Should gas deliveries from Russia cease, we will face a disaster in Germany such as we have not known since the global economic crisis during the Weimar Republic.
It has been calculated that in the event of stopping Russian gas deliveries, Germany’s economic output would plummet by more than 12 percent in the subsequent six months. And more than 5.6 million jobs would be at risk. So, the German government must immediately end the suicidal economic war for the good of the people of Germany.
GT: NATO’s supposed goal is to safeguard peace and security in Europe. But judging from the Ukraine crisis and what happened in Afghanistan and other countries, do you think NATO is bringing peace or uncertainty to Europe and the world?
Dagdelen: The planned enlargement of NATO to accept Finland and Sweden demonstrates, once again, that this is a vast military pact of an expansionist nature, and all the promises that the West made to Russia were nothing but lies. Although nothing can justify Russia’s war of aggression in Ukraine, NATO bears some of the responsibility for the development of the conflict. So even Pope Francis found that “NATO’s barking at Russia’s gate” had played a role.
So NATO’s US-led wars around the world, from the attack on Yugoslavia in 1999, 20 years in Afghanistan with more than 200,000 killed Afghans and several war crimes and the destruction of Libya, show that NATO is not a defensive alliance, but the world’s largest war machine. And NATO countries pursue economic and geopolitical interests without consideration. That’s why we need a security architecture in Europe for the security and certainty of the people in Europe, which includes the European countries. We cannot change the geography. Russia is part of Europe and we have to deal with it.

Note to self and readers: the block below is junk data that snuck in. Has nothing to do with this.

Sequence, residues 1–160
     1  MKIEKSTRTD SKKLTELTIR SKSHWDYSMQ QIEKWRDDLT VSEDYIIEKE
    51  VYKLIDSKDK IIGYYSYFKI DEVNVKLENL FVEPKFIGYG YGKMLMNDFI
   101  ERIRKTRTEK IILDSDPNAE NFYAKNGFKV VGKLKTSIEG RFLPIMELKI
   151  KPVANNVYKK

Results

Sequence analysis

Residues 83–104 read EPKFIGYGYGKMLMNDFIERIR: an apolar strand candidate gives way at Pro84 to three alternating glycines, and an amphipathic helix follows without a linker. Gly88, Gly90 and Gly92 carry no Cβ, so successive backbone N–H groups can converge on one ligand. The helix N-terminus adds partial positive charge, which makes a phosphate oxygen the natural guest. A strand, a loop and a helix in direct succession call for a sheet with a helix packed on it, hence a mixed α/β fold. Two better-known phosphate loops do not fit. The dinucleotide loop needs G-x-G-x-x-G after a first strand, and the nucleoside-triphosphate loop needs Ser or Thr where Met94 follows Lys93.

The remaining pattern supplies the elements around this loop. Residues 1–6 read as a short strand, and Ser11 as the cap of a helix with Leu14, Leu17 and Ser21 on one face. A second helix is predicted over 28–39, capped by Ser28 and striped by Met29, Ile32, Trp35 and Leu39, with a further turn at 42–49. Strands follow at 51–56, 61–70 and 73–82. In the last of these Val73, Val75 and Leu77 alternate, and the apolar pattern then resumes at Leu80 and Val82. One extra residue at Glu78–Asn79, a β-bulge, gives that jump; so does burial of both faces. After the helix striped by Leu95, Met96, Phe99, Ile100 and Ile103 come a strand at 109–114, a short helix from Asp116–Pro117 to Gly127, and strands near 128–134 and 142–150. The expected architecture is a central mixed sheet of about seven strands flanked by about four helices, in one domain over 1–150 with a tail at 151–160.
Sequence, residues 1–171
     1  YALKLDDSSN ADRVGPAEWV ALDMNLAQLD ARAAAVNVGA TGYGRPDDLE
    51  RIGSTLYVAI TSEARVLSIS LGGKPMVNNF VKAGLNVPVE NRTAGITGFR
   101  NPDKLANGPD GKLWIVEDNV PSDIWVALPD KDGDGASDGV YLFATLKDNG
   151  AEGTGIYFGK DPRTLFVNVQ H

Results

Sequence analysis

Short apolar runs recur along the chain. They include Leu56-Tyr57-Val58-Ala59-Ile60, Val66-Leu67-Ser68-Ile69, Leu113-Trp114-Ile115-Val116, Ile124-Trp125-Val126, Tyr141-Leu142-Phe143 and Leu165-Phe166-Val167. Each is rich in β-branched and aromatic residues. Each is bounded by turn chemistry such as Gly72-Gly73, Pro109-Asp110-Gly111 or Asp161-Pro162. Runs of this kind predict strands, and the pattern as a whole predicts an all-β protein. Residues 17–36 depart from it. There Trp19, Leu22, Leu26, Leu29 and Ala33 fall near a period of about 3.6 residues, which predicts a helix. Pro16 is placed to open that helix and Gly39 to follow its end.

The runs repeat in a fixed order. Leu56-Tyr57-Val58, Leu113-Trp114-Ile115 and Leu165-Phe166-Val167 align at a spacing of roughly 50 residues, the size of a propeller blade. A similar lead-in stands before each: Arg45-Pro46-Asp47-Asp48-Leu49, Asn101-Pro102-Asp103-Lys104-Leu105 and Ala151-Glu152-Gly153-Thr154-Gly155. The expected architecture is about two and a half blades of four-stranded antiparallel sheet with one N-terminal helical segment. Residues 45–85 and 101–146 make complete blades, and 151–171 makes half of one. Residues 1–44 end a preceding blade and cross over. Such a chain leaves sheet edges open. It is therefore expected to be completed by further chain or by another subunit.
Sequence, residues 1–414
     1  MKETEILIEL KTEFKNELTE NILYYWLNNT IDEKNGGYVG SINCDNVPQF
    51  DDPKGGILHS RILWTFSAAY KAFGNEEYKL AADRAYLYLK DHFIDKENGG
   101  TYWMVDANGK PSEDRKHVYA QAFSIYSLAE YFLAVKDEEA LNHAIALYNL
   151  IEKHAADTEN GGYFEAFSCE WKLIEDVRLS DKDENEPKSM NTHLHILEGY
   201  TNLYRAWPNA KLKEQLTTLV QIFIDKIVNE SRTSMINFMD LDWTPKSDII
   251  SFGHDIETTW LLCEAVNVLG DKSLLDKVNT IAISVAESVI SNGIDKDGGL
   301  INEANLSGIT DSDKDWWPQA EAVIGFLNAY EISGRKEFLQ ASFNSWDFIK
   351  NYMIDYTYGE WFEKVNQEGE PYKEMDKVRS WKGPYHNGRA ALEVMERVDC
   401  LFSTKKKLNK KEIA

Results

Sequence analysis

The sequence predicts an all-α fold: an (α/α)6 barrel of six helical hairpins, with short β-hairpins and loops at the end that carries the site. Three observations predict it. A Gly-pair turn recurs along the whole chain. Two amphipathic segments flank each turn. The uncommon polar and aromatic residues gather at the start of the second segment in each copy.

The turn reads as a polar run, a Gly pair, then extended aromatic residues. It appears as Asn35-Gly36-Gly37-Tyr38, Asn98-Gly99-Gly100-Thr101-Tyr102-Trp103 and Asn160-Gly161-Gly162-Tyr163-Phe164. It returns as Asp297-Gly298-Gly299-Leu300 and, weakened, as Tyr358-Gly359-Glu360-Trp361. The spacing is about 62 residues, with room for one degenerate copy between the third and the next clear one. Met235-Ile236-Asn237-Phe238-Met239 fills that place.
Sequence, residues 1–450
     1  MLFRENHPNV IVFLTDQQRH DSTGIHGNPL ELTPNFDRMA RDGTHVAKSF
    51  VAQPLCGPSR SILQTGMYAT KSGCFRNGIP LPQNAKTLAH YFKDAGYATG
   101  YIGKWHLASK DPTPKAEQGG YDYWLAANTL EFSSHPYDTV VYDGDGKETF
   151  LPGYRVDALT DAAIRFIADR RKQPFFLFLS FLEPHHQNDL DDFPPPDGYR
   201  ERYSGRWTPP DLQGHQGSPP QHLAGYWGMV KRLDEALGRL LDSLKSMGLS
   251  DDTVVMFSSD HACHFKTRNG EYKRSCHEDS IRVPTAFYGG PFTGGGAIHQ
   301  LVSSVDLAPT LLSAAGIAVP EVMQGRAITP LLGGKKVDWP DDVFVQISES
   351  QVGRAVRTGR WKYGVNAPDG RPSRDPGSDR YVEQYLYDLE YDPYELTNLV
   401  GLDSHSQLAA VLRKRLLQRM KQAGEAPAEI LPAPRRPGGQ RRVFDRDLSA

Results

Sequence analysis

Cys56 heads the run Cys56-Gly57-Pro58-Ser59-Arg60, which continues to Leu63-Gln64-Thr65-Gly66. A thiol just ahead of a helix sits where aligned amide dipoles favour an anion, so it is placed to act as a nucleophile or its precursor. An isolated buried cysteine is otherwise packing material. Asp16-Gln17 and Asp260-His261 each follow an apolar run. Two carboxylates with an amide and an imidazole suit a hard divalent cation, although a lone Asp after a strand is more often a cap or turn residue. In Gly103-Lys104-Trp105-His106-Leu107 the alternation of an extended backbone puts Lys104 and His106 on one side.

The other thing is the enlargement of NATO and its strategic concept now. NATO is called the North Atlantic Treaty Organization. Now, in its strategic concept, NATO takes into focus the Indo-Pacific region. The Indian Ocean or the Pacific Ocean is far away from the north Atlantic.
GT: What is the biggest hindrance to the EU’s objective of achieving strategic autonomy right now?
Dagdelen: The European Union has existential interests in not letting itself be drawn into the conflict between the great nuclear powers like the US, Russia and China. This will require an autonomous foreign and security policy, independent from Washington. And the principal goal must be to ensure that our continent does not become a nuclear battlefield. And most urgently, the states of Europe need to push for a swift end to the conflict in Ukraine, and at all costs prevent the conflict from spreading.
The interests of Europe and European countries and the interests of the US fundamentally diverge on this point. Because as the latter is prepared to fight to the last Ukrainian standing for the sake of a Russian military defeat – that’s the position of the US, the European Union must not submit to its interest and strategy. The enhanced autonomy must not lead to the increased militarization of the European Union member states. On the contrary, the European Union should become a peaceful power that seeks balance in Europe and pursues diplomacy.